New Delhi: The Tetseo Sisters, an all-girl band from the northeast, has hailed Prime Minister Narendra Modi's ambitious 'Beti Bachao, Beti Padhao' campaign, saying it was a "good move in the right direction" and they will be happy to contribute in highlighting the need for gender equality.
The Delhi-based band, however, cautioned that the scheme should not become "just a political fad riding on sentiments" and sought its "actual implementation" throughout the country.
The group, which performs traditional folk music of Nagaland's Chakhesang tribe, folk fusion as well as contemporary western songs, has four Tetseo siblings - Azi, Mercy, Kuvelu and Alune - as its members. Founded in 1994, the band is credited with bringing Naga folk music to a larger audience.
"It (the campaign) is a good move in the right direction. Prioritising education for the girl child is a long due measure. We hope it reaches every corner of the country with actual implementation instead of becoming just a political fad riding on sentiments," the band said.
"We wholeheartedly support the campaign and hope many people will benefit from it," said the folk quartet, who have performed across the country and even abroad.
Modi launched the national-level 'Beti Bachao, Beti Padhao' (Save the girl child, educate the girl child) campaign in January as "a key scheme that aims to address the dipping child sex ratio and empower the girl child" in India.
The drive was launched after census data showed abysmally low child sex ratio of 918 girls for 1,000 boys. It aims to prevent gender-biased sex selective elimination, ensure survival and protection of the girl child and ensure education and participation of the girl child at an estimated cost of Rs.200 crore.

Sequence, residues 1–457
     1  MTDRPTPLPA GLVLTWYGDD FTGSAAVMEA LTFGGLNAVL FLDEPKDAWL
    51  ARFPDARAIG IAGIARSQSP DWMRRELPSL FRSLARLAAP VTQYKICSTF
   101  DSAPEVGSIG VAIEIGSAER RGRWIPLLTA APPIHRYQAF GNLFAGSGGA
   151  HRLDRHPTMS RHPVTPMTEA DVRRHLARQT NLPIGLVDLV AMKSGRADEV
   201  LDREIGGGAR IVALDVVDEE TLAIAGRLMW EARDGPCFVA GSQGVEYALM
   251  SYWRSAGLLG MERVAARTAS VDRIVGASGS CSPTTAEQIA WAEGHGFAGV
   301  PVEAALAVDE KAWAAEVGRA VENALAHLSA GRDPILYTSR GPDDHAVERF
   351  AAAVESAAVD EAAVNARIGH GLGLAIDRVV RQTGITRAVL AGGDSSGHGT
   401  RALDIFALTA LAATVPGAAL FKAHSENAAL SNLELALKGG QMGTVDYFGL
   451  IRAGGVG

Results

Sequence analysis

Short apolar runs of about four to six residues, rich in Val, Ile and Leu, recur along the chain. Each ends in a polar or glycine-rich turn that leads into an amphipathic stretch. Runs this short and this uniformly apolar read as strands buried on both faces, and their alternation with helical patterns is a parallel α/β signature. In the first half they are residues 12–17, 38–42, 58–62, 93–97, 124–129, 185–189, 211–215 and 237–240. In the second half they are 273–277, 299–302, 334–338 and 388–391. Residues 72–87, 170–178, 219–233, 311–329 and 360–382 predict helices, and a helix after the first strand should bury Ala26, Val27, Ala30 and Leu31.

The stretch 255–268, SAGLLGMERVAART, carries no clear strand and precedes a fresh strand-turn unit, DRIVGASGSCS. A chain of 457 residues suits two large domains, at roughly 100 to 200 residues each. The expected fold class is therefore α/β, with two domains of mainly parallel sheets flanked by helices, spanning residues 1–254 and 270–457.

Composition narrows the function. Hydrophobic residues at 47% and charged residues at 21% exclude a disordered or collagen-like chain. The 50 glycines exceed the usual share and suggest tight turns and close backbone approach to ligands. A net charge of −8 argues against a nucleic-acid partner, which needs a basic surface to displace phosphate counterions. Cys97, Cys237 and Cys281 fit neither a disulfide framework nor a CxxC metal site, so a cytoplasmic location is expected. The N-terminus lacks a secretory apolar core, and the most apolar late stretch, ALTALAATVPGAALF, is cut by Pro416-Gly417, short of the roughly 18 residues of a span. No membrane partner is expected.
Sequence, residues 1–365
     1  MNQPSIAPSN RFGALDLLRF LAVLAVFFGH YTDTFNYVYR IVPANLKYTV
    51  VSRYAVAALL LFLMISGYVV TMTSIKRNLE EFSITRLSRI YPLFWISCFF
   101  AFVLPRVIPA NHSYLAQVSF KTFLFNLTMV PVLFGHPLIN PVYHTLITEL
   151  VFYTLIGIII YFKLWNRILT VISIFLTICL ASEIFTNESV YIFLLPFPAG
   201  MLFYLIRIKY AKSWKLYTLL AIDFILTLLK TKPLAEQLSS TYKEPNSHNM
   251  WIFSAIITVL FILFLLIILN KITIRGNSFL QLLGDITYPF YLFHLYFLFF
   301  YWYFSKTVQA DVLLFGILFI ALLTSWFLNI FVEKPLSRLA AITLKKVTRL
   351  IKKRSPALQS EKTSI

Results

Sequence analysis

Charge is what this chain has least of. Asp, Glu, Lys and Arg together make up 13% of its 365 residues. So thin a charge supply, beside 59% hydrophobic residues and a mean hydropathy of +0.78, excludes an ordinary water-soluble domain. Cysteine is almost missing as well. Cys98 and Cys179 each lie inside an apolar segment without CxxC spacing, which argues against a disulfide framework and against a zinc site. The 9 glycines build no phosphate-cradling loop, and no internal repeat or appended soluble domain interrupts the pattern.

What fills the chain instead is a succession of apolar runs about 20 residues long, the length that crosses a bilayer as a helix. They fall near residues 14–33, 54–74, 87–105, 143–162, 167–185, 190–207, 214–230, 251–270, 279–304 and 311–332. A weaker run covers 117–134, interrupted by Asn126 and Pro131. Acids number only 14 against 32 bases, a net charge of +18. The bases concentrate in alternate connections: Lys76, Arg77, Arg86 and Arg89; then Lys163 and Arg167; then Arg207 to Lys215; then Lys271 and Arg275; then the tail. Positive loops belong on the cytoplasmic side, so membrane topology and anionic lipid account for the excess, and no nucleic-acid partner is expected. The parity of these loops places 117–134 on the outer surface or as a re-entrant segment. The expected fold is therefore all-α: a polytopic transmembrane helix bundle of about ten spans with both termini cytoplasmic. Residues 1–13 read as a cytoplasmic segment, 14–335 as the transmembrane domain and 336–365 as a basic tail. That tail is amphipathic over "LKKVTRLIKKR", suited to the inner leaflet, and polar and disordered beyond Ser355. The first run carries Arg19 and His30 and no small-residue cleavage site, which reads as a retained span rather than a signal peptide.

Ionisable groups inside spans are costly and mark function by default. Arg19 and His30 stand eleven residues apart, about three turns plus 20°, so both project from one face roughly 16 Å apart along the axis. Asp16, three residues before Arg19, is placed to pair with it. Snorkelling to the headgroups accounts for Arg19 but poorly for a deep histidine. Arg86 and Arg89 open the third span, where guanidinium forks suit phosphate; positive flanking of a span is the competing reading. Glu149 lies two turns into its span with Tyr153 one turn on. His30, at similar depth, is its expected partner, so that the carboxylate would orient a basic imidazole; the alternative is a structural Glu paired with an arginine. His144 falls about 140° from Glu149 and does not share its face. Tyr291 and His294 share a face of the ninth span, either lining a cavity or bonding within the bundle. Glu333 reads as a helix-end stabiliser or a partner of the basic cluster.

Describing education as the solution for better chances at life for every girl child, the band cautioned: "It shouldn't be like since you send your girl child to school, you have done a great thing, but rather recognising that every child has equal right to education and healthcare."
On a question about the need of this campaign in the northeastern states, where there are less reported incidents of female foeticide, the sisters said: "In the northeast too, like other parts of the country, there are two different realities.
"One for the poor and another for the rich and educated. Education and community awareness drives have played a huge role in promoting gender equality but much more needs to be done to bridge the gap and educate more girls."
"Access to adequate healthcare for women/mothers will also go a long way to ensure a healthy life for every child," said the quartet.
The band, which sings ‘Li’ (folk songs) in the Chokri dialect of Nagaland, said they also want to highlight the need for environment protection.
"We are not activists of any kind. But we want to highlight the need for environment protection, recycling, and safety for women across the country, besides gender equality," said the sisters, who have performed with folk musicians from India and outside.
"Our songs don't talk about racial discrimination but we address such issues by making people more familiar with our unique characteristics or way of life and also remind them that all of us are alike and can connect in most ways, especially through music."
‘O Rhosi’, ‘Apulio Lizo’ (prayer song), ‘Ohe!’ and ‘Hiyo! Hiyo!’ are some of the band's well-appreciated songs.
Asked about the band's views on feminism, the group said: "We are all feminists in the way that we believe in equality of the sexes and will always fight to support and ensure gender equality in any way we can."
On safety of women in Delhi, the folk band told IANS that the entire capital was not unsafe as reported, and there were many good people.
"While there have been a lot of unfortunate incidents in Delhi, the city has been home to us for a long time with not too much for us to complain about.
"Not all of Delhi is unsafe and there are many good people. In fact, it's only a few that are responsible for the notoriety," said the sisters.